- Villain origin stories
- Gothic in the vein of Penny Dreadful or Crimson Peak
THINGS WE LIKE
Semi-recent contemporary books we’ve loved:
- The Hate U Give by Angie Thomas
- Conviction by Kelly Loy Gilbert
- The Sun is Also a Star by Nicola Yoon
- The Female of the Species by Mindy McGinnis
- You’re Welcome, Universe by Whitney Garber
- Ramona Blue by Julie Murphy
- Rainbow Rowell books
Warning: We do love contemporary books, but I (McKelle) been subbed a lot of them recently, so we’re really looking for something gritty, real, fearless, and unapologetic about its story.
If you’re an artist WE WOULD LOVE to see ways we can integrate your art with your manuscript.
Magical realism books we love:
- Anything by A.S. King
- The Accident Season by Moira Fowley-Doyle
- Whimsical and family-centered books, like Sarah Addison Allen and Alice Hoffman
- Magical realism/mental illness blends: like Andrew Smith, or Fell of Dark by Patrick Downes, or Challenger Deep by Neal Shusterman
Again, if you’re an artist WE WOULD LOVE to see ways we can integrate your art with your manuscript.
Historical books we love (including alternate history!):
- Razorhurst by Justine Larbalestier
- Code Name Verity and Rose Under Fire by Elizabeth Wein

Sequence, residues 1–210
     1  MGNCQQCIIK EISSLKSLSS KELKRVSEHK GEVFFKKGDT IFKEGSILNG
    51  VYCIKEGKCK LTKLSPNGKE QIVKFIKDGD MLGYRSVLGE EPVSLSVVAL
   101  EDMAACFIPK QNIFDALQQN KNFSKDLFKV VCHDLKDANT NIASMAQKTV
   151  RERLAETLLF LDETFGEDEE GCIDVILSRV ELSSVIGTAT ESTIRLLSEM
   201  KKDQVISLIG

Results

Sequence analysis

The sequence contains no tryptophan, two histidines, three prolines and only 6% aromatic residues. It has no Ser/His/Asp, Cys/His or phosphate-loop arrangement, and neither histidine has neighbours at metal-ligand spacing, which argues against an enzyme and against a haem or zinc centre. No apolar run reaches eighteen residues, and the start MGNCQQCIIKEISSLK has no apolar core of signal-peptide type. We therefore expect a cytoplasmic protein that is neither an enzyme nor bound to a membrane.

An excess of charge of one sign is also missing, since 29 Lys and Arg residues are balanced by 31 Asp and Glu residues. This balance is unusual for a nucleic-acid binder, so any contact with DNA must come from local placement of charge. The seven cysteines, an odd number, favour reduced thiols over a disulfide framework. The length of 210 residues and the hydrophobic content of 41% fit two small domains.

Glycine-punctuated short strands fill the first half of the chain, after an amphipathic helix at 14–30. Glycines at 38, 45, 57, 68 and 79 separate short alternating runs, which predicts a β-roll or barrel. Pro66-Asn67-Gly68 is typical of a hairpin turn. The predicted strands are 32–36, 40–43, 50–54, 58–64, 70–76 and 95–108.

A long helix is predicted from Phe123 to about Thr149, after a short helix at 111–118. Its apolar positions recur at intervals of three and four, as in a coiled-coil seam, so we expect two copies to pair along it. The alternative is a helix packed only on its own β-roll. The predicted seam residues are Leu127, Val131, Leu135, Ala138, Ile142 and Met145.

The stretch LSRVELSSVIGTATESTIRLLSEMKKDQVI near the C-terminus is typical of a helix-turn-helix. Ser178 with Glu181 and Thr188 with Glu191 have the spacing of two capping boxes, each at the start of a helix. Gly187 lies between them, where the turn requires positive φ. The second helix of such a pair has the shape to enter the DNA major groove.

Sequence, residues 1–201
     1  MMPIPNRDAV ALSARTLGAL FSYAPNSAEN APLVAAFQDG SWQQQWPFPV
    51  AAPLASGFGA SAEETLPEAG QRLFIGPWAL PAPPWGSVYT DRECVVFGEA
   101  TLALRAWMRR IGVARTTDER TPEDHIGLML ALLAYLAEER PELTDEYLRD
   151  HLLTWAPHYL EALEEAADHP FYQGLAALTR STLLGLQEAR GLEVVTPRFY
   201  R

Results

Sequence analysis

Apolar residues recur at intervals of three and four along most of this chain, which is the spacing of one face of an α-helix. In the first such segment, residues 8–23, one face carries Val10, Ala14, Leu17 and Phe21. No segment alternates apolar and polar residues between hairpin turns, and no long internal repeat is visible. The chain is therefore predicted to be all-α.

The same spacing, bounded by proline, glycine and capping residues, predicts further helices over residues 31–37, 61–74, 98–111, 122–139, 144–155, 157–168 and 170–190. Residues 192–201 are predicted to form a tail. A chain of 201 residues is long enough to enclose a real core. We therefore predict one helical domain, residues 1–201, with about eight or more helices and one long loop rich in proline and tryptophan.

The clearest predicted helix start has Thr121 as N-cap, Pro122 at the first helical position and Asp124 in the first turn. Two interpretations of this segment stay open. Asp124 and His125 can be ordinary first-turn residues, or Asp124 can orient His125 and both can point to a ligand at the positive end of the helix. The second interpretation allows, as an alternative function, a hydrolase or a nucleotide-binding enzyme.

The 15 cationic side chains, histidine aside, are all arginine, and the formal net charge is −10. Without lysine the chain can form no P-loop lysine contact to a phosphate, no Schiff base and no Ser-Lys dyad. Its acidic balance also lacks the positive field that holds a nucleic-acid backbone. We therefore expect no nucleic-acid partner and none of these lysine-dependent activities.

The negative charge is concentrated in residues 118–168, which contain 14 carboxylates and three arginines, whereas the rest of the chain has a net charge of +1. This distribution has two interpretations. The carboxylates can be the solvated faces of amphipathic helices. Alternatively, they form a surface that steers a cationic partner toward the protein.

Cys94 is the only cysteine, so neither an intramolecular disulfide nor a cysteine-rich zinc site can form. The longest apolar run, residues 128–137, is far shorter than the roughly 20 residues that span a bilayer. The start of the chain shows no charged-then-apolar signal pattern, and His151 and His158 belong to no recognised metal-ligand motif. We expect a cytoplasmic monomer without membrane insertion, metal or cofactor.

- Passion of Dolssa by Julie Berry
- Salt to the Sea by Ruta Sepetys
- Under a Painted Sky and Outrun the Moon by Stacey Lee
- The Gentleman’s Guide to Vice and Virtue by Mackenzi Lee
- The Book Thief by Markus Zusak
- And I Darken/Now I Rise by Kiersten White
- The Song of Achilles by Madeline Miller
Sidebar: (McKelle) I’m feeling the history right now, guys. My own debut is set in the 1920s. If you have a historical novel, I AM A REALLY GOOD BET. Bonus if it has: gangsters, LGBT characters, girls who misbehave and make history.
We don’t want to mislead those with high fantasy books, but there are a lot of unique, rich, political, awesome books we wouldn’t want to miss out on by banning the genre. So!
Here’s an idea of what we do like:
Fantasy and sci-fi books/trilogies we’ve recently enjoyed (things they have in common: a bit darker, complex and mature in plot, not overly romance-heavy, unique brand of “magic”):
- The Grisha Trilogy and Six of Crows duology by Leigh Bardugo